allowed only a 250mm gauge length in order to attempt breakage before the maximum stroke of
the machine was reached.
Due to the unsuccessful single strand tests, the author is of the opinion that further statistical
analysis to determine the precision of the strength of knots is not warranted.

Cyclic Tests

50 kg cyclic load

Tape knot

knot in tape

Fisherman’s Figure 8

Overhand in

Mean Tail slippage (mm)






Total Tension slippage (mm)






Mean Tail slippage (mm)






Total Tension slippage (mm)






100 kg cyclic load

Table 4:
Summary of Cyclic loading data for various knots
Slippage data is after 15 cycles of loadings have been completed.

Table 4 provides an abridged summary of the cyclic loading data that is provided in Annex D.
The following discussion refers to these Annexes, this table is provided for quick reference.

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Refer to Annex D1 to D11 for graphs of the cyclic loading.
“Acceptable slippage” is defined as not being noticed or causing alarm to the user.
50kg cyclic loads on knots in dry 9mm static rope
All knots tested had acceptable slippage in the range of the tests especially in the critical area of
“Tail” slippage.
The Rethreaded Figure Eight Knot (Graph D3) had the least “Tail” slippage of only 3mm after
15 cycles.
The Double Fisherman’s Knot (Graph D1) had acceptable “Tail” slippage of 9mm after 15
The Overhand Knot (Graph D5) had the most “Tail” slippage at 26mm after 15 cycles.
“Tension” slippage was acceptable for the knots tested, with the most being the Double
Fisherman’s (Graph D1) at 27mm after 15 cycles.
100kg cyclic loads on knots in dry 9mm static rope
All knots tested had acceptable slippage in the range of the tests especially in the critical area of
tail slippage. Again the Rethreaded Figure Eight Knot (Graph D4) had the least “Tail” slippage
of only 10mm after 15 cycles but it had the most “Tension” slippage of 63mm.
The overhand knot performed the opposite way to the other two knots tested, in that the 100 kg
load slipped less than the 50 kg load (Graphs D5 & D7) (“Tension” slippage 14mm verses
26mm). From this it appears the Overhand Knot can slip more if there is not adequate weight to
lock up the rope.
Wet tests on rope knots
The wet tests (Graph D6) undertaken in both load ranges had significantly less slippage. The
rope specimens had no “dry” treatment. It appears that when wet, the ropes expand about 0.5mm
in rope diameter in the knot and so lock up more tightly.
50kg cyclic loads on knots in dry 50mm flat tape
The Tape Knot (Graph D8) was interesting in that after 15 cycles the “Tail” had increased by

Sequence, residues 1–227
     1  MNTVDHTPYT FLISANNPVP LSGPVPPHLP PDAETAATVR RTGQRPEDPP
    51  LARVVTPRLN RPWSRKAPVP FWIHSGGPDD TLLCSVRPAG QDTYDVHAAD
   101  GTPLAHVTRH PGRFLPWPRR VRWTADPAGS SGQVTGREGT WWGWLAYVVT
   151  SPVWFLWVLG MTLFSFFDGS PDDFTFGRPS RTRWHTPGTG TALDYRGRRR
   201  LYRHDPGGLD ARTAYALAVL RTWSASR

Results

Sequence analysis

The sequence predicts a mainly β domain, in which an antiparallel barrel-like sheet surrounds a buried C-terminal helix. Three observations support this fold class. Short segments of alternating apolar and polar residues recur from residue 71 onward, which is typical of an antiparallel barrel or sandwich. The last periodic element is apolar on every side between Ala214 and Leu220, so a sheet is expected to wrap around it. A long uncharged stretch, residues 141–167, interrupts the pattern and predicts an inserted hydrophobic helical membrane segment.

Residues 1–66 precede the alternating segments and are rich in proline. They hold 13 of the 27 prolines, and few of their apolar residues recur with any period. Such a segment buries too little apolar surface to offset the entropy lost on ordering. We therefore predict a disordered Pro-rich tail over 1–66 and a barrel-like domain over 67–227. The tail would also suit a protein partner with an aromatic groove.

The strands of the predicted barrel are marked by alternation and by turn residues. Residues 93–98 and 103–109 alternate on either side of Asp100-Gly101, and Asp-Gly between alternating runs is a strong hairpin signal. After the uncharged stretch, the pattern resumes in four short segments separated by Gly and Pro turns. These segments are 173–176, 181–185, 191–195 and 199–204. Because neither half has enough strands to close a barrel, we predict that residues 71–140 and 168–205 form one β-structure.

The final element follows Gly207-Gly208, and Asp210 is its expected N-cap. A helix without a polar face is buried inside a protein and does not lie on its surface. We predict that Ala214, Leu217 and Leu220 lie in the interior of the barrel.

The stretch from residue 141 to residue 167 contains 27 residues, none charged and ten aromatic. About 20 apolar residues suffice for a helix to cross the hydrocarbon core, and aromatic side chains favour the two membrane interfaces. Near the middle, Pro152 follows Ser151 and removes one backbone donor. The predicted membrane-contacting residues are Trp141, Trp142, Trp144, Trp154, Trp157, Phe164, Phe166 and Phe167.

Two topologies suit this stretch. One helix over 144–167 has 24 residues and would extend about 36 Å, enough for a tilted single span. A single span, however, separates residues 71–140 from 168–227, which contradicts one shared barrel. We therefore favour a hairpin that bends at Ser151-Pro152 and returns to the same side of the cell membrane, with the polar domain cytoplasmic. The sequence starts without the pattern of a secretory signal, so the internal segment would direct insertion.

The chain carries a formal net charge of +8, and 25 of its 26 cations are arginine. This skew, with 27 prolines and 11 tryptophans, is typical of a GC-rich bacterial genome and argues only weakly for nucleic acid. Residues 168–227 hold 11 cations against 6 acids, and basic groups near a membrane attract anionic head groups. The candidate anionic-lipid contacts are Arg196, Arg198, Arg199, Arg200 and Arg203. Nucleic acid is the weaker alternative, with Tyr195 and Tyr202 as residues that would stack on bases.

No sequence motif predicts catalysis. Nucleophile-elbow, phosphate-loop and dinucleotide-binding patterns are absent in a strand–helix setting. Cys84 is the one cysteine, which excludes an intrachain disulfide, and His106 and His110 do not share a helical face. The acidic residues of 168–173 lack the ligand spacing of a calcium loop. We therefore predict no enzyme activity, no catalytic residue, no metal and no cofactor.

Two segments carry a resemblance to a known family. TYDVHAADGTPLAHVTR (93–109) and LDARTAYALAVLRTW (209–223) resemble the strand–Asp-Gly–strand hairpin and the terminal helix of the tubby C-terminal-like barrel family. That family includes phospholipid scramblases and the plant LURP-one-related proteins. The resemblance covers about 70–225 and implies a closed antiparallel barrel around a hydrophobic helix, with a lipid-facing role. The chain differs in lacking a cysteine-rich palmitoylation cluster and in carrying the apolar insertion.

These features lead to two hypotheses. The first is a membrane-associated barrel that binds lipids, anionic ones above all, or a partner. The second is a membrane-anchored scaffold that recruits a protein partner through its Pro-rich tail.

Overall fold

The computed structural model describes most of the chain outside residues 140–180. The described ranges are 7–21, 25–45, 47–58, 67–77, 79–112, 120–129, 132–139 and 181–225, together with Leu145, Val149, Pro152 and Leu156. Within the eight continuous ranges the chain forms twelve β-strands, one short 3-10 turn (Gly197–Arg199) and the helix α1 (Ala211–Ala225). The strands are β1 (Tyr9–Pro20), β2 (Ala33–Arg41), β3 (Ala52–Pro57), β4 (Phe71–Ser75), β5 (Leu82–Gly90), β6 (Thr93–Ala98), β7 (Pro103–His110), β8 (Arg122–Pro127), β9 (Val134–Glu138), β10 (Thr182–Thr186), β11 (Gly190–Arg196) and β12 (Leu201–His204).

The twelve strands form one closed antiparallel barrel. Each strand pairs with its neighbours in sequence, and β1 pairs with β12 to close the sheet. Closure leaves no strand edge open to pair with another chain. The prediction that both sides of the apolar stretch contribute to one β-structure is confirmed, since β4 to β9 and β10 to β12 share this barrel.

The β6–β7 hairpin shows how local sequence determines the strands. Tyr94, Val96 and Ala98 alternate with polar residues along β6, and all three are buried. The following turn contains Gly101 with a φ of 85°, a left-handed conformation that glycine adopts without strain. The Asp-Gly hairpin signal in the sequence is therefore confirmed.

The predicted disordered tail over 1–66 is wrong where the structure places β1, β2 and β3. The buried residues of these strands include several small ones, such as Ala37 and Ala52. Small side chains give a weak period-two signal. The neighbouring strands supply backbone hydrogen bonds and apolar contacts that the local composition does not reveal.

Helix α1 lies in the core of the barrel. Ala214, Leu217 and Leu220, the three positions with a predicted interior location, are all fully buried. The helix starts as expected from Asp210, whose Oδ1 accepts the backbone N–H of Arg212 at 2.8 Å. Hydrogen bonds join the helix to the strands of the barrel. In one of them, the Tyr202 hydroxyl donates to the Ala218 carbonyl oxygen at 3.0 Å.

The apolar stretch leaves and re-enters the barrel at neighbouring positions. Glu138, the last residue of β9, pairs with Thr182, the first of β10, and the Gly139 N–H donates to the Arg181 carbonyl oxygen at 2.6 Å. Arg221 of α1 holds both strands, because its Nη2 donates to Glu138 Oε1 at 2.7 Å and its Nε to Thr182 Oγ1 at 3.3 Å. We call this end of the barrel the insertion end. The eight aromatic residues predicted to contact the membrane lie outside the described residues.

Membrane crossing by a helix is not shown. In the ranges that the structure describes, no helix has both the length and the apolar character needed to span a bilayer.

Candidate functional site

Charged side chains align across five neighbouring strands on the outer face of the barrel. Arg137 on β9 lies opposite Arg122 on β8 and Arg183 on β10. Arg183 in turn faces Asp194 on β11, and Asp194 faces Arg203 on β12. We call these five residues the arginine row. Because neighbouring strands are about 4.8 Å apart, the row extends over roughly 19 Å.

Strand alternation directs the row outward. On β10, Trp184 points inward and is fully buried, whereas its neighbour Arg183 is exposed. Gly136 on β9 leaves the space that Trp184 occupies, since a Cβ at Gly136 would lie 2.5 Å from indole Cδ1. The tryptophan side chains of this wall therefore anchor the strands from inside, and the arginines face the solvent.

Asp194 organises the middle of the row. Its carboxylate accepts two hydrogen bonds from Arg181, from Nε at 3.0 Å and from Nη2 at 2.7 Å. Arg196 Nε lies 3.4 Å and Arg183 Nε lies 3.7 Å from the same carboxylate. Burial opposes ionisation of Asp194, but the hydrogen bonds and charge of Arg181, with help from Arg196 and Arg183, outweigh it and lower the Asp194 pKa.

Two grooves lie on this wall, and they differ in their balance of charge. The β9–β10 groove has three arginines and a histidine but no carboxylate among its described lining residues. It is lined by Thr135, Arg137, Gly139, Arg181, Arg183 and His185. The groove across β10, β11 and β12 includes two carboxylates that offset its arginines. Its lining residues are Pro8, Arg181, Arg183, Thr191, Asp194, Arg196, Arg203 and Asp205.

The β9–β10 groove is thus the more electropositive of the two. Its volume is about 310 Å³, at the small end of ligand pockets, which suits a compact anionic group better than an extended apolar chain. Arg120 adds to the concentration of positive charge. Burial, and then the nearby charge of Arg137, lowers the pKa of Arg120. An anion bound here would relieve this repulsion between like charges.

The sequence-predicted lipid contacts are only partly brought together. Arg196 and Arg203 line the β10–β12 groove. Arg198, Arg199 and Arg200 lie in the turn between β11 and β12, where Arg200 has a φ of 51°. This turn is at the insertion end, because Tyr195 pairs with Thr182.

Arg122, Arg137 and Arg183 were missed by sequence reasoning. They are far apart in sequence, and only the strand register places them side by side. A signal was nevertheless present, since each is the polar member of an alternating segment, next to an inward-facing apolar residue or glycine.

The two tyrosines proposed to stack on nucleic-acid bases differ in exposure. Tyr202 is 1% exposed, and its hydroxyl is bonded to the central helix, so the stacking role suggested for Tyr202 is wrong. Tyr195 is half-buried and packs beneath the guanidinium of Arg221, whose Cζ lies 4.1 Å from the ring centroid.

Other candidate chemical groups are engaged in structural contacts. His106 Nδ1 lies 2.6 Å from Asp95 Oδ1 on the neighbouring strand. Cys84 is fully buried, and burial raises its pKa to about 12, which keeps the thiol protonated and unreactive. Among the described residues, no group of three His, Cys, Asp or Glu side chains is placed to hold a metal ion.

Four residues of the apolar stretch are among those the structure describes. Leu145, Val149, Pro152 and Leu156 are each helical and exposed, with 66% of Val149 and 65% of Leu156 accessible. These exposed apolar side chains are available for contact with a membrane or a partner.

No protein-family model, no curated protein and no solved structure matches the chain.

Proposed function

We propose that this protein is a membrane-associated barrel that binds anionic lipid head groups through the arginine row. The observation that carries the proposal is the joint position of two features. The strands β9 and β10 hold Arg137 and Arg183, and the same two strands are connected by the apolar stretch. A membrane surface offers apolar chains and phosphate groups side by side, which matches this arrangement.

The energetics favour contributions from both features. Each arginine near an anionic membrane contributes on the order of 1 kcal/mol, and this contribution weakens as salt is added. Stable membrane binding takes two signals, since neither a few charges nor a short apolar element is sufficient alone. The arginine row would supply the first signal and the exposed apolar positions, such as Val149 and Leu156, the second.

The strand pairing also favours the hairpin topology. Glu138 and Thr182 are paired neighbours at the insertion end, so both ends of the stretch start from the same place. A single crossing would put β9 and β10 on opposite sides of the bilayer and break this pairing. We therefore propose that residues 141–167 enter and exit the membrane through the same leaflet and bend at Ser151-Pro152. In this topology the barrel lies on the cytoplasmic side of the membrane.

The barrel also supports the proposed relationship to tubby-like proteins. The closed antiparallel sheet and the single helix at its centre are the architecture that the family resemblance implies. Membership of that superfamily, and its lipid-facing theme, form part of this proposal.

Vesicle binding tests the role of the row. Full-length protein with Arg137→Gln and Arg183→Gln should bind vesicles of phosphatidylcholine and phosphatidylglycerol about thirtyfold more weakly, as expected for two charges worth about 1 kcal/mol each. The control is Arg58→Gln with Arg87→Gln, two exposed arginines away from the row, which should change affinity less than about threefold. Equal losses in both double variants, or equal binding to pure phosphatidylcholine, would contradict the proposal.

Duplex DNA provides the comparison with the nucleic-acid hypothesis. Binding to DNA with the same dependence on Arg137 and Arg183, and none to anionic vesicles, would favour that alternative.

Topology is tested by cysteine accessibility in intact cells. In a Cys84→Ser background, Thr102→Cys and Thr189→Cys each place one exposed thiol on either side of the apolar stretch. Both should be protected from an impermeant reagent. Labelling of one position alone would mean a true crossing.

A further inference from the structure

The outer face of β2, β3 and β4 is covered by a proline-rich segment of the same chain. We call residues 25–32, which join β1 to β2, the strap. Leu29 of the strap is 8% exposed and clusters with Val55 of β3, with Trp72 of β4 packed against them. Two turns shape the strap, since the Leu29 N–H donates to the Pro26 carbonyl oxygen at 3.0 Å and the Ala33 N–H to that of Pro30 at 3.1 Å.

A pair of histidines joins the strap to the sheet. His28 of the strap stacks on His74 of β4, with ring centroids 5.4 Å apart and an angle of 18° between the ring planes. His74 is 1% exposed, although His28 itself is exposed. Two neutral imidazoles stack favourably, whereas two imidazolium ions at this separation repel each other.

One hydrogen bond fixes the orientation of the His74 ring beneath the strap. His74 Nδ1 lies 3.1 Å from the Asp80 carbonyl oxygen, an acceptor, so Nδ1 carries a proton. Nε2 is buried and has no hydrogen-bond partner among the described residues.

6mm in length as the knot tightened up. This is due to the construction of the Tape Knot, in that
as the knot tightens the tail does not move from its existing position and so actually gets longer
simply as a result of the knot becoming more compact. All other knots tested had a decrease in
tail length.
The Overhand Knot in tape (Graph D9) had significantly more “Tension” slippage than the same
knot in rope. “Tail” slippage was 40 and 31mm for the two load tests. The “Tension” slippage
was also significant at 117mm with the 50kg load. It is expected that continued slippage would
occur with additional load cycles.
Wet test with overhand knot on tape
The wet test undertaken with the 50kg load (Graph D10) had significantly less “Tension”
slippage than the dry (69mm verses 117mm). It appears the polyester tape may expand when
wet and so lock the knot more tightly.
100kg cyclic loads on knots in dry 50mm flat tape
As with the rope the Overhand Knot in tape (Graph D11) “Tension” slippage was slightly less
with the 100 kg load than the 50 kg load (“Tension” slippage was 90mm verses 117mm). The
overhand knot in tape can slip if there is not adequate weight to lock up the tape.


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Rope Pull Down tests

Comparison of Sites
Annex E Sheet E-1 provides the results for the simulated 90o edge. Sheet E-2 provides the results
for the Bungonia cliff edge. The graphs depicting the commencing rope pull and 200mm
movement show little difference between the three knots tested, for the simulated cliff edge
against the Bungonia waterfall. This shows the simulated edge appears to accurately model the
starting inertia and rolling friction. There was significant difference in edge knot pull over results
between the two series of tests. This was expected due to the vastly different shape of the two
Results from actual and simulated cliff edges
Sheet E-1 indicated that the Double Fisherman’s Knot did get caught on all hard edges especially
the reverse edge. (Figure 12 depicts a reverse edge). This is due to the cylindrical shape of the
knot where the knot jams against the hard edges. This knot required significantly more force